As an illustration of the linear time algorithm, we present results for the concrete instantiation of the problem given above. In the current 44-vertebrate whole-genome alignment, there are 177 elements, each with at least 100 alignment columns and each perfectly conserved across the same 40 or more vertebrates in at least 80% of its columns. The longest such element is 355 columns long and occurs 60 Kbp from the nearest gene on human chromosome 19, perfectly conserved in 80% of its columns across 41 of the species, missing only gorilla, shrew, and lamprey. There is also a region 70 bp long, 7 Kbp upstream of the FOXB2 gene on human chromosome 9, with 90% of its columns perfectly conserved across all 44 vertebrates.

Results and discussion

Problem statement and algorithms

We begin with a precise formulation of the Extremely Conserved Element problem:

Inputs: m × n alignment matrix M with entries from {A, C, G, T, -}, integer sm, integer tn, and real number 0 <c ≤ 1.

Problem: Determine if M has a subset S of rows, a subset T of consecutive columns (ignoring columns that contain the gap character "-" in every row of S), and a subset U of T, with |S| ≥ s, |T| ≥ t, and |U| ≥ c|T| such that, in the matrix M restricted to S × U, every column is perfectly conserved (that is, all the elements in that column are equal). Note that neither S nor U need be consecutive.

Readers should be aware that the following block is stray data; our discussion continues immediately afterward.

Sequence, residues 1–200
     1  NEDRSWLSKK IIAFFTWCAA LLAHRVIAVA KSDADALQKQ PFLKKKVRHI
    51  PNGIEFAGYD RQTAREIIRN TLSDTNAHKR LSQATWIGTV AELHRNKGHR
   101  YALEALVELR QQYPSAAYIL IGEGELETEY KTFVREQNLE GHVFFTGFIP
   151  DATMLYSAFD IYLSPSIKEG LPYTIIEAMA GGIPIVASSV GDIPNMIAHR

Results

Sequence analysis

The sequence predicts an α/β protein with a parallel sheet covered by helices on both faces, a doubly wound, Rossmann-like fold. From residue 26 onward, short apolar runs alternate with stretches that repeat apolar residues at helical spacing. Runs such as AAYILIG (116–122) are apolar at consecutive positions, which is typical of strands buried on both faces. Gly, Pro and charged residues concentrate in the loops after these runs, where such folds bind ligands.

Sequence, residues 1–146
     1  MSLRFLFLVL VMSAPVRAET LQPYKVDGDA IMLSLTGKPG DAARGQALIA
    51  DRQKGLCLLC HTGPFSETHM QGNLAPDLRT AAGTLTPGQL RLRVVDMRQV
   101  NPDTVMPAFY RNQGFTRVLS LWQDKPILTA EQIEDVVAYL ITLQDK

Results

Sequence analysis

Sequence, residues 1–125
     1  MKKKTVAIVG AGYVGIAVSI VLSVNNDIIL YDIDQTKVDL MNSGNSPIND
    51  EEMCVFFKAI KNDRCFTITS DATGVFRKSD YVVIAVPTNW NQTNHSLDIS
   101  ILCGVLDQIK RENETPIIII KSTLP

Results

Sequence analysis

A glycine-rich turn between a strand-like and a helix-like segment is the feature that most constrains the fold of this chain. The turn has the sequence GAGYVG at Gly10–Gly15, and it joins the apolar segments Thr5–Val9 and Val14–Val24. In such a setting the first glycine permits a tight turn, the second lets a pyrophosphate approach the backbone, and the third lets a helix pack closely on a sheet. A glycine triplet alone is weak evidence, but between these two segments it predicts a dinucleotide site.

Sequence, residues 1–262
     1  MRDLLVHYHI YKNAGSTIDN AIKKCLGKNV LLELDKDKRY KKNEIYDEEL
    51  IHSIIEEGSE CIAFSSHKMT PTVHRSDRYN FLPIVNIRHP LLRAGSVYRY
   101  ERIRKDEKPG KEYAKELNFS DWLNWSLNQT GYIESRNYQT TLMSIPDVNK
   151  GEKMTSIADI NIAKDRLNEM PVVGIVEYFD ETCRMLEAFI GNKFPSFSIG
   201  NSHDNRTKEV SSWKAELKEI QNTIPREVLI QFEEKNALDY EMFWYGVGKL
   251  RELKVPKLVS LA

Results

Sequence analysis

For example, the illustrative problem in the introduction is the version of the Extremely Conserved Element problem with m = 44, n ≈ 3.8 × 109, s = 40, t = 100, and c = 0.8.

The condition that every column in S × U be perfectly conserved is overly simplistic. More realistically, the conservation measure should depend on the phylogeny relating the species, as does, for example, the measure used by phastCons [6]. Suppose that F is any conservation scoring function (that may depend on the phylogeny). The algorithm of Theorem 1 is easily generalized to the problem in which every column in S × U must have F exceeding some threshold τ.

Theorem 1: If s = m, the Extremely Conserved Element problem can be solved in time O(mn). In fact, the maximum value of t can be determined in this time.

Proof: Assume without loss of generality that no column contains the gap character "-" in every row. For 1 ≤ in, let q i = 1 if column i is perfectly conserved, and q i = 0 otherwise. The result then follows from Theorem 2.   □

Theorem 2: Given q {0,1} n and 0 <c ≤ 1, there is an O(n) time algorithm that maximizes j - i subject to the condition that q i +1 ... q j contains at least c(j - i) 1's.

Proof: A variety of linear time algorithms for this problem have appeared in the literature [911], although this is the first time it has been applied to multiple sequence alignments on a gigabyte scale. We give here a new and simpler algorithm due to Eddie Grove and Benno Schwikowski (personal communication). For 0 ≤ in, let
Let x be the number of 1's in q i +1 ... q j . Then